- General Contractor: $500,000
General Contractor Limited Tier: $500,000
If a company loses its qualifying agent can it continue to operate?
The business organization must notify the appropriate division within 45 days of the termination of the relationship with the qualifying agent and shall have 120 days from the termination of the agent’s affiliation with the business to employ another qualifying agent and submit an application for licensure under the new qualifying agent. If such application is denied, then after passage of the 120 day period, the business organization shall cease to be considered licensed. The division, in such circumstances, may issue a temporary nonrenewable license which will allow the entity to proceed with incomplete contracts already in progress.
Is my out of state license recognized in Georgia?
Currently, the General Division has established reciprocity with Louisiana and Tennessee as an available method by which to obtain licensure. You must hold a commercial license with a classification of “building construction” and you must have obtained the license by examination. The General Division is working to establish reciprocity with other states as well. Please check our website for updates regarding this. Also, if you have taken and passed the NASCLA exam in any other state, you may apply by examination in Georgia and purchase your NASCLA transcript to be submitted to us. Once approved by us, you would have to schedule and pass our Georgia business and law exam prior to the license being issued. Reciprocity is not available for Residential Basic or Residential-Light Commercial licensees.
What are the required fees for a license?
The application fee is $200.
What is a “denial letter,” and what does it mean?
A “denial letter” is the written notice sent to an applicant who has submitted an application and has not met the requirements for licensure. A denial letter will include the reason for the denial and information on how to appeal your denial.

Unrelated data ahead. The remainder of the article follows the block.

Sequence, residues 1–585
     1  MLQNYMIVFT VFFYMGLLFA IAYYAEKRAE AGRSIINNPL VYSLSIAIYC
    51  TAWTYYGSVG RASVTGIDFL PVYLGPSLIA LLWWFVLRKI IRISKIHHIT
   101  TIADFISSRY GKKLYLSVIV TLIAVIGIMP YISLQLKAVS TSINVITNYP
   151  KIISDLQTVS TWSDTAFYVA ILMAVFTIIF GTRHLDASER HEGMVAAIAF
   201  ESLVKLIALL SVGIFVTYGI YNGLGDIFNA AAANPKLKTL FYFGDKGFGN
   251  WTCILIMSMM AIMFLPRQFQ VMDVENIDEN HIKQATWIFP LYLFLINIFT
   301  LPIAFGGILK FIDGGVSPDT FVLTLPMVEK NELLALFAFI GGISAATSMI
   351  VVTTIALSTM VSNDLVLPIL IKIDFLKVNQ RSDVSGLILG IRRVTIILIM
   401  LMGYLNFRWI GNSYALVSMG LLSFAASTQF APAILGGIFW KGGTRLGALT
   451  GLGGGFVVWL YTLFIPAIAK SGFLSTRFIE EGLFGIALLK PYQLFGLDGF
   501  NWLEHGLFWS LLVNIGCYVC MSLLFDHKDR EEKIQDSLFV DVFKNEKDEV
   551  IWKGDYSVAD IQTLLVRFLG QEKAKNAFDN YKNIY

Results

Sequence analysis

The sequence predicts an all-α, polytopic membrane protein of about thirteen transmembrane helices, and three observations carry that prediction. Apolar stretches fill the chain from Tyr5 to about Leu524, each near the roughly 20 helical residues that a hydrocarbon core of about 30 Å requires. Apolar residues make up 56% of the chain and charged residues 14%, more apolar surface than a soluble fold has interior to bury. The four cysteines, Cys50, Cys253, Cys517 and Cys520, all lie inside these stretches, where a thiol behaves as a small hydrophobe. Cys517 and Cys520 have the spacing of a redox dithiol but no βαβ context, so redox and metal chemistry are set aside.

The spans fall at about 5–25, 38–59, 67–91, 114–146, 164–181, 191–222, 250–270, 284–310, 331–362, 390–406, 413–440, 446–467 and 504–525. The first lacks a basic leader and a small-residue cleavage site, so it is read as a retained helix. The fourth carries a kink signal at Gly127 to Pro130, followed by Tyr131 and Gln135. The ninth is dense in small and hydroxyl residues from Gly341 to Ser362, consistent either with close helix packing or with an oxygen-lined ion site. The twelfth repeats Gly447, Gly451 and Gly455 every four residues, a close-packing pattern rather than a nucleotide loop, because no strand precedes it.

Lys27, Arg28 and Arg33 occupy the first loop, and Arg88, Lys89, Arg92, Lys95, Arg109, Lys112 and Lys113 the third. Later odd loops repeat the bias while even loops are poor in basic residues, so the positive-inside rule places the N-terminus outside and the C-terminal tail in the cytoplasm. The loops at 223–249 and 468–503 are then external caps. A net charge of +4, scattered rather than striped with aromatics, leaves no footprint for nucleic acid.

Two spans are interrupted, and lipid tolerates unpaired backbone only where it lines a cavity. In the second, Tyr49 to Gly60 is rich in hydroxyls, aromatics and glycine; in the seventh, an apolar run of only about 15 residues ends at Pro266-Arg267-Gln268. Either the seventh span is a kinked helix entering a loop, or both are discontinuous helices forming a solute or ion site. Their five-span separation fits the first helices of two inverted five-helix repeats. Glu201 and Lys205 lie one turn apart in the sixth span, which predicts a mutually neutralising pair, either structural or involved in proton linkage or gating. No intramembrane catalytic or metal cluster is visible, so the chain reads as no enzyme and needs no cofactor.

What is a “deficiency letter”?
A “deficiency letter” is the written notice sent to an applicant after a thorough review of his or her application has been conducted. This letter identifies the specific areas of deficiency and provides general guidance on how to address the deficiencies. The letter also provides other licensing options if applicable. For example, if an applicant applies for a General Contractor license and submits only residential projects, staff will recommend that the applicant apply as a residential basic contractor or submit qualifying general contracting projects.
What is the exam process?
To obtain a license through the exam process, an individual submits the applicable examination application to the Board for approval. Applications may be downloaded here.
If additional information is needed, the applicant will receive a deficiency letter identifying what additional information is needed. Upon approval, applicants will receive written notification of the approval, along with the details for scheduling and taking the exam. Exam approval is valid for one year. Any applicant failing the exam may be reexamined at any regularly scheduled examination within one year of the approval date upon payment of a reexamination fee without the need to resubmit an application unless any information is no longer accurate or complete.